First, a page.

How is the management of Hodgkin lymphoma evolving?

FAQ published on July 1, 2015
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Anas Younes, MD
Chief, Lymphoma Service
Division of Hematologic Oncology
Memorial Sloan Kettering Cancer Center
New York, New York

How is the management of Hodgkin lymphoma evolving?
Welcome to Managing Hodgkin Lymphoma. My name is Anas Younes, and I am the chief of the Lymphoma Service at Memorial Sloan-Kettering Cancer Center. I am frequently asked, How is the management of Hodgkin lymphoma evolving? It is interesting to know that, although ABVD—which is the most widely used regimen for the treatment of Hodgkin lymphoma—was introduced almost 4 decades ago, it is still the most widely used regimen for the treatment of patients’ Hodgkin lymphoma. However, this is evolving as implicated by the question. Brentuximab vedotin is the only FDA approved drug for the treatment of relapsed Hodgkin lymphoma. It showed approximately 75% response rate, and about 34% complete response rate in patients who are heavily pretreated and had a prior autologous transplant. So, it makes a lot of sense to move a very effective drug that works in the relapse setting and start combining it in the frontline regimens and pretransplant setting—and that is what we are having right now. So, there is a randomized, international trial called ECHELON 1 comparing standard ABVD with AVD plus brentuximab vedotin in patients with advanced-stage Hodgkin lymphoma. This accrued more than half the patients and, hopefully, will finish accrual before the end of the year. It will take about 2 years of follow-up before we find out, but if the new regimen—which is AVD plus brentuximab vedotin—turns out to be superior than standard AVD, then this certainly will change the standard of care. There is a hint that this may be true, but we have to wait for the results, of course, of the randomized trial. The hint came from the long-term follow-up of the phase 1 trial that combined AVD with brentuximab vedotin and showed, with a 3-year follow-up, approximately 92% remained disease-free, which is remarkable. There is also attempts to combine brentuximab vedotin in a pretransplant setting, either in sequential mode; you give brentuximab vedotin as single agent, followed by, for example, chemotherapy, or concurrently, for example, with bendamustine. Either way, there is an improvement in the overall response rate and complete response rate with these treatment strategies, and this may evolve with time to include brentuximab vedotin as part of the induction pretransplant regimens. And, of course, PD1 made lot of the news as single agent even in patients who relapsed after autologous transplant, many of them received prior brentuximab vedotin, the risk response rate exceeded 60%. So, it is natural to think now combining PD1 antibody with brentuximab vedotin in the relapsed patient and start moving these combinations in frontline and then also in the pretransplant setting. Thank you for viewing this activity. For additional resources, please view the other educational activities on ManagingHodgkinLymphoma.com.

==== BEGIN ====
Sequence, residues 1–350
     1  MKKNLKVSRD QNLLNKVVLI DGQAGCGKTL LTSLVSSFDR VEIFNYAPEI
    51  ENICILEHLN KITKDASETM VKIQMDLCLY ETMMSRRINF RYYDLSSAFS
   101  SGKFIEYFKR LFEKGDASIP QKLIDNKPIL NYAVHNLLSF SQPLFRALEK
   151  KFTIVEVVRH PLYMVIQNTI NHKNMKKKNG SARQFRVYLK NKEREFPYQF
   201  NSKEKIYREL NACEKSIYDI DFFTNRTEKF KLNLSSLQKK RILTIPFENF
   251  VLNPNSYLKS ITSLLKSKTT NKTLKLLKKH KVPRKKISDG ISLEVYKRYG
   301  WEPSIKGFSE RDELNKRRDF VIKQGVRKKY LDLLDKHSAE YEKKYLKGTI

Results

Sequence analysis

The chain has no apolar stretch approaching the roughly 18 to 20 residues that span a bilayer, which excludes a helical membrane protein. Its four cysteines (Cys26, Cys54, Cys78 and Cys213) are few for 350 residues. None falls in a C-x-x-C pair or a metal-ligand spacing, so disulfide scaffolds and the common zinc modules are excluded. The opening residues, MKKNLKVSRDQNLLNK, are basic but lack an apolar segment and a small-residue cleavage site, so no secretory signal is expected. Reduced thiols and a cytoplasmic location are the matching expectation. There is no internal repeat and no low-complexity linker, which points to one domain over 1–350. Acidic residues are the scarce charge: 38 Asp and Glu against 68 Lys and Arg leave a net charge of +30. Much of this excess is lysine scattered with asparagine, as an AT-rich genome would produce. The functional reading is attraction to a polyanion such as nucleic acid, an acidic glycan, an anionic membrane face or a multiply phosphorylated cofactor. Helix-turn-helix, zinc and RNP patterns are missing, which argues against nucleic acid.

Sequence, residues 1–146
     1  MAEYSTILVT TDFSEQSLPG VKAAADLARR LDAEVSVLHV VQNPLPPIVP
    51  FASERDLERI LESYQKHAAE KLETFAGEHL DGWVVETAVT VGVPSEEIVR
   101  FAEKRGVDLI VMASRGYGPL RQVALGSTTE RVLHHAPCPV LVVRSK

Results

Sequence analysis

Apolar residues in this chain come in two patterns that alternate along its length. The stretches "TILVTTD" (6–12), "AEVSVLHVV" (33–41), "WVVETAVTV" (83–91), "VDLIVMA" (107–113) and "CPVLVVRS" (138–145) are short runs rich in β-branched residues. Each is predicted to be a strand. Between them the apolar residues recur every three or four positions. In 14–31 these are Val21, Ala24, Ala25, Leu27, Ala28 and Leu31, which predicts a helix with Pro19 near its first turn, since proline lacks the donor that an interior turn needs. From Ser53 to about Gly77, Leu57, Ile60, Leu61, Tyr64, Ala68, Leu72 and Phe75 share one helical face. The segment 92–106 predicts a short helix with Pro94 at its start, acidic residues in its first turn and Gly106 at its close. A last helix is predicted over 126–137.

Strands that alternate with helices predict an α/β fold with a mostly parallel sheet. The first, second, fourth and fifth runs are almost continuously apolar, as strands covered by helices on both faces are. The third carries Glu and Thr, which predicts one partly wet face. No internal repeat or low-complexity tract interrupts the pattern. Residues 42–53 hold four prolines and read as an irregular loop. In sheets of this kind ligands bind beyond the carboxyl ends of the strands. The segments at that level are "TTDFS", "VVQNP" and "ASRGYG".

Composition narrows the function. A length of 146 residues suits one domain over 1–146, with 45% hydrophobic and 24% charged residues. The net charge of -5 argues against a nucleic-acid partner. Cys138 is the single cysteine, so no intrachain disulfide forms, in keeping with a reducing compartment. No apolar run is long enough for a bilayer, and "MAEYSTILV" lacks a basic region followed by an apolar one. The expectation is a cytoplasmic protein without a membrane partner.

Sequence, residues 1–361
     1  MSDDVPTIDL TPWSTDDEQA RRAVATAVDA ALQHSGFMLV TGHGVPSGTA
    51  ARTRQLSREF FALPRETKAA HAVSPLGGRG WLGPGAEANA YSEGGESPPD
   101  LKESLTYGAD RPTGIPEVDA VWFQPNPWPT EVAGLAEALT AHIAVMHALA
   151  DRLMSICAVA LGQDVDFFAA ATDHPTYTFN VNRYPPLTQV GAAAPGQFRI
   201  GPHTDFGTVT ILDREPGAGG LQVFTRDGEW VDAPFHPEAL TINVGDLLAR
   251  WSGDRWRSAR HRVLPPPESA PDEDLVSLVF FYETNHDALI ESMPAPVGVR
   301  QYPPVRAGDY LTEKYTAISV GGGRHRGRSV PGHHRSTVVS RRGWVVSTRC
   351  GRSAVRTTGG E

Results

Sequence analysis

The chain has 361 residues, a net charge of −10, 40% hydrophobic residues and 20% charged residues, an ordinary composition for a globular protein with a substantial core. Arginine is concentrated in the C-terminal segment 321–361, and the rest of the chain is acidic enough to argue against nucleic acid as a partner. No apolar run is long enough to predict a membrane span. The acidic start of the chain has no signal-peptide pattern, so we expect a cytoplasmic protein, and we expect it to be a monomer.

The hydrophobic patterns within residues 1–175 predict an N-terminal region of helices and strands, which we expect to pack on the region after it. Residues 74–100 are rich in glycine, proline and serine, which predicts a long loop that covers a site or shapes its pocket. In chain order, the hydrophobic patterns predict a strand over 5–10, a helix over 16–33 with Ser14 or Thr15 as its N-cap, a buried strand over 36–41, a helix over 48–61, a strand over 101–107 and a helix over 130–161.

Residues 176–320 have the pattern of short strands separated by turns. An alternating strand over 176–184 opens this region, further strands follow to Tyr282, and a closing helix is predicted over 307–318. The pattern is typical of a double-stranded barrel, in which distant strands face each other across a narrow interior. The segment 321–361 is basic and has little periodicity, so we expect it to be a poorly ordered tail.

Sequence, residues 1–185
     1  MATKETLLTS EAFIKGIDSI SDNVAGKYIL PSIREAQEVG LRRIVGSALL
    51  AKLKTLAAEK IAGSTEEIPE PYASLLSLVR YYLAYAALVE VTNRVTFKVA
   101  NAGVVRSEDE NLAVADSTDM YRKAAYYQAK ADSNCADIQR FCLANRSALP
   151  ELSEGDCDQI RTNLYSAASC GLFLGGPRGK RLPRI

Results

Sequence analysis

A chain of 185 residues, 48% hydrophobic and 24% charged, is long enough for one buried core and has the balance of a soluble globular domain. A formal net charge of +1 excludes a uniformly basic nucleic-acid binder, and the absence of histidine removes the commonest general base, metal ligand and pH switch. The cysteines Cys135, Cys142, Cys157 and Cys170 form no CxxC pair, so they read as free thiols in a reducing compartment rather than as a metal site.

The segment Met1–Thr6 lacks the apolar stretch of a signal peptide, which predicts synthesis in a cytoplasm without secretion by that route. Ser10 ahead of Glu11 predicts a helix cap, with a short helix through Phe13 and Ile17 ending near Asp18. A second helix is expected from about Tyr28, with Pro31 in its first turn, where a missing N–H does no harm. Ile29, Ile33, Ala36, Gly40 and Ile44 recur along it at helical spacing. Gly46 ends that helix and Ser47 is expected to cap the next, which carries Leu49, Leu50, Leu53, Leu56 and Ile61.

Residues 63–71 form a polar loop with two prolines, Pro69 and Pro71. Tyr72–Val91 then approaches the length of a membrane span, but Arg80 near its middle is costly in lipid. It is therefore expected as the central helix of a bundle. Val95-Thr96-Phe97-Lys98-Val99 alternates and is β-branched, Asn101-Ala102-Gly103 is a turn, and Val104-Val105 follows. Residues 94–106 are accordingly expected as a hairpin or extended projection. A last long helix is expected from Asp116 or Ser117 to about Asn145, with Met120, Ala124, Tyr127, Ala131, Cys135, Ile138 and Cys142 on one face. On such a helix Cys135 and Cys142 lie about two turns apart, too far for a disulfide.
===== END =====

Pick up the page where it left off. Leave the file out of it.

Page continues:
Last modified: July 1, 2015
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